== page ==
Our Private Misgivings Have Public Consequences
I have written in a Mere Comments post that the real social problem we in America face is the number of people who are not married who behave as if they were. I’d like to revise that claim. Our problem is pseudogamy, false marriage, and it assumes many forms. Same-sex pseudogamy is but the latest and most flagrantly absurd, but it is not the first.
We find the most fundamental form, from which other corruptions rise up like diseases, when a man and woman go through the ceremony and utter the traditional words “as long as you both shall live,” while harboring the mental reservation, “as long, that is, as I am happy,” or “as long as the marriage ‘works,’” whatever that is supposed to mean. In other words, in the fundamental form of pseudogamy, we don’t have people who are not married behaving as if they were, but people who are married (or who present themselves as having been married) behaving as if they were not.
Why should anyone care about the private mental reservations entertained by the couple next door? The obvious answer is that those reservations are not really private. They will inevitably be talked about, urged upon others, or acted upon, if not by the couple next door, then by the couple two doors down.
And then their problems are also ours. We must live with their divorce. We must try to teach their addled children. We must get along in neighborhoods blasted by the instability and the chaos. We must help feed the sharks in the divorce industry. We must suffer the now greater probability that other couples near us will follow their example. A culture in which divorce is common is a different thing from one in which it stands under severe disapproval; and everyone, divorced or not, must breathe the same cultural air.
The Foundation of Our Being
That’s the obvious answer, but not the best one. The best answer examines what we in our culture of divorce have nearly forgotten, namely, the high and adventurous calling that marriage truly is. “Should a man give the woman he is weary of a bill of divorce?” ask the scribes, and Jesus replies by reaching behind all human custom, and behind all of the Mosaic law’s concessions to human weakness, by reminding us that it was not so from the beginning—which is to say also that it is not so now, from the foundations of our beings. “What God has joined together,” says Jesus, “let no man put asunder.”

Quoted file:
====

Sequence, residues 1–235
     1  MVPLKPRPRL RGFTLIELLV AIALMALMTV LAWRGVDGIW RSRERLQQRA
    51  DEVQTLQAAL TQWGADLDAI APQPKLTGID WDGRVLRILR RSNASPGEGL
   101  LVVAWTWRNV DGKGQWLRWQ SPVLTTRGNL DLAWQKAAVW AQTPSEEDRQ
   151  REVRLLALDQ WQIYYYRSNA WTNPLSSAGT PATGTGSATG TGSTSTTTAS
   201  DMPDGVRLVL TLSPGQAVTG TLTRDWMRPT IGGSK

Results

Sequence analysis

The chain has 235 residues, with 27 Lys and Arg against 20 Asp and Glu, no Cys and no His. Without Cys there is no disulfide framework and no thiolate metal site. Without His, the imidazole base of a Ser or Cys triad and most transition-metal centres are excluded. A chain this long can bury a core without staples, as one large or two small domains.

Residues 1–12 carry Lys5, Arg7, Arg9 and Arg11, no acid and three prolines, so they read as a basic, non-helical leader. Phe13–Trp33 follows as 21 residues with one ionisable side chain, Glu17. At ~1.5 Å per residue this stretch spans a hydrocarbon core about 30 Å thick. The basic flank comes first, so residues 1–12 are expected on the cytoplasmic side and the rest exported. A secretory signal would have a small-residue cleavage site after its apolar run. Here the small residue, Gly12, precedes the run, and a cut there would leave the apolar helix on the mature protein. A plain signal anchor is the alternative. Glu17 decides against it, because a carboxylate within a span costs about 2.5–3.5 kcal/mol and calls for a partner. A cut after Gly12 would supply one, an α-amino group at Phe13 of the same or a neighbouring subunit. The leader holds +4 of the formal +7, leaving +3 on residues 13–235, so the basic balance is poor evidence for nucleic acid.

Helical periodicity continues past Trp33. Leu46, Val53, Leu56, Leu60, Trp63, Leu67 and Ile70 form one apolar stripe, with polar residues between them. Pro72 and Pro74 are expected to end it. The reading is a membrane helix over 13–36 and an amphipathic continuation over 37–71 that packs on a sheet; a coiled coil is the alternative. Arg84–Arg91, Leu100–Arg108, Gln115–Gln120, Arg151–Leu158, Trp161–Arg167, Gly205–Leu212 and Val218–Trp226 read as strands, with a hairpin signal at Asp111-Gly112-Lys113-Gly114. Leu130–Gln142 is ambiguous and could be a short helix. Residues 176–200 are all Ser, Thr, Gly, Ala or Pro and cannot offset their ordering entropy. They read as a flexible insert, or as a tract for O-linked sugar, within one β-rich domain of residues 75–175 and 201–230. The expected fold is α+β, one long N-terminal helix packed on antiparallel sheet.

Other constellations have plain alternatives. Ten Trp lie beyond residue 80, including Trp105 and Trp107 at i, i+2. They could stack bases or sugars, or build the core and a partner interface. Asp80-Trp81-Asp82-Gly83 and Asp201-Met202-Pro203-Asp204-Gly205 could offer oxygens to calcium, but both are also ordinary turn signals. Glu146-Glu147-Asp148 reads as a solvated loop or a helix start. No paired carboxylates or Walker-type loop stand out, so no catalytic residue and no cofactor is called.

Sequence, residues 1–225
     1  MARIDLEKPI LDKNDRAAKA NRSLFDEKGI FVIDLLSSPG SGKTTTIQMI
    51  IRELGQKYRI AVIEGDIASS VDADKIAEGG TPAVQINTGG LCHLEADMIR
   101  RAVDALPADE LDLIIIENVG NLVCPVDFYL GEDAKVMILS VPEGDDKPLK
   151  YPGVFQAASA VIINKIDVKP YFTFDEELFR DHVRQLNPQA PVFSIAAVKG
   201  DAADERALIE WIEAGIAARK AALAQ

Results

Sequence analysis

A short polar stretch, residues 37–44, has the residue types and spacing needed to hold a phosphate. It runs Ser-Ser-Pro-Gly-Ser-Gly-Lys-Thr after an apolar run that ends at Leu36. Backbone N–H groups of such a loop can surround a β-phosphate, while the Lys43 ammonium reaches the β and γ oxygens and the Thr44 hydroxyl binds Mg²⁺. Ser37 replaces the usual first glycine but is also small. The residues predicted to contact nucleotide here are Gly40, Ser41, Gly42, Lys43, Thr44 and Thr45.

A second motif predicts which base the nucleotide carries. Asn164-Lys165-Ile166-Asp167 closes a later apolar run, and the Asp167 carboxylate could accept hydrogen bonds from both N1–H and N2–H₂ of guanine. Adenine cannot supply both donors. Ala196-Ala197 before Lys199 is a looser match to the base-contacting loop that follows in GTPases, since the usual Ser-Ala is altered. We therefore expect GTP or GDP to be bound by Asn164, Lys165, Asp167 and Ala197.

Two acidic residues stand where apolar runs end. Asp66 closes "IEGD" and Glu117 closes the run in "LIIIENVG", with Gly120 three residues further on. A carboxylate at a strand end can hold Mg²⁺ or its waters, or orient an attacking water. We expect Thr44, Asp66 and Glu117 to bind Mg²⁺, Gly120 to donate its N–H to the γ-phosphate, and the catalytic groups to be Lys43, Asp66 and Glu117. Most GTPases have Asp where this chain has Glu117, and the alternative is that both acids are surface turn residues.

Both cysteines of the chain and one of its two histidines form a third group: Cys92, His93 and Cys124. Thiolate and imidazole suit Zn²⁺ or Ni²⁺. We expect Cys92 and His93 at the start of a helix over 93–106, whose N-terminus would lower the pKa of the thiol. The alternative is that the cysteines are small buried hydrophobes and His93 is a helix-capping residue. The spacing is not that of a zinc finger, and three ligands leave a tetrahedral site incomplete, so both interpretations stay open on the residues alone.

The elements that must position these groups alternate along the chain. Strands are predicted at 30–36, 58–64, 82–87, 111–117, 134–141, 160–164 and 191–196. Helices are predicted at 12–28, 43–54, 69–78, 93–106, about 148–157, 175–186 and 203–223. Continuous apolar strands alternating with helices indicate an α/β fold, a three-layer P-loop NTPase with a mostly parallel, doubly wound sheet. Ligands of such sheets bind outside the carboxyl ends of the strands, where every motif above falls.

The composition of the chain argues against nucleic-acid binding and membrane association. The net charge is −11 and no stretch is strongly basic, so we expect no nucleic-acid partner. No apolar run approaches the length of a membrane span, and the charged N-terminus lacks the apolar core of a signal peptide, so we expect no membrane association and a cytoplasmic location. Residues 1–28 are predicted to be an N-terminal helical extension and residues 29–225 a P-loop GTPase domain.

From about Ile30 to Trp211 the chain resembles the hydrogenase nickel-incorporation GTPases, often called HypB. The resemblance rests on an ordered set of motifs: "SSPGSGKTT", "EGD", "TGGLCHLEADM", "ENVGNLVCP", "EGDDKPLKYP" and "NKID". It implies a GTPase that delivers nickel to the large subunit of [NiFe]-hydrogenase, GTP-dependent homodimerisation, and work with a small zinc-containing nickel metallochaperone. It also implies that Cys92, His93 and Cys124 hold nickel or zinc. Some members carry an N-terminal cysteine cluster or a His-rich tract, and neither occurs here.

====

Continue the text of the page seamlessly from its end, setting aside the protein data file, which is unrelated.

I’ll defer to a later time a discussion of what Pope John Paul II called the “nuptial meaning” of our bodies, male and female, and how the phrase “what God has joined together” makes no sense if it does not at least refer to that wondrous created reality.
When does God “join together” man and woman? What is the metaphysical status of that joining? Jesus is not speaking of fornication, that other thing that mimics marriage, wherein man and woman become one flesh without intending to become one flesh. Then it is not merely the joining of bodies male and female that matters (though that is a necessity). Somehow God must effect the joining.
But the God we are talking about, the God of Israel revealed to us in the flesh by Jesus the Son, is one who is Love itself. Love—the love that moves the sun and the other stars, the love divine that came down from heaven in tongues of flame, the love that hung upon the cross—is not a compromising neediness, as the Stoics thought, but the complete disposing of oneself to another, “being for,” as Pope Benedict puts it. In love and only in love do we discover the beauty of another being, and only in love do we become ourselves, for he who would save his life will lose it, but he who would lose his life will save it, unto life everlasting.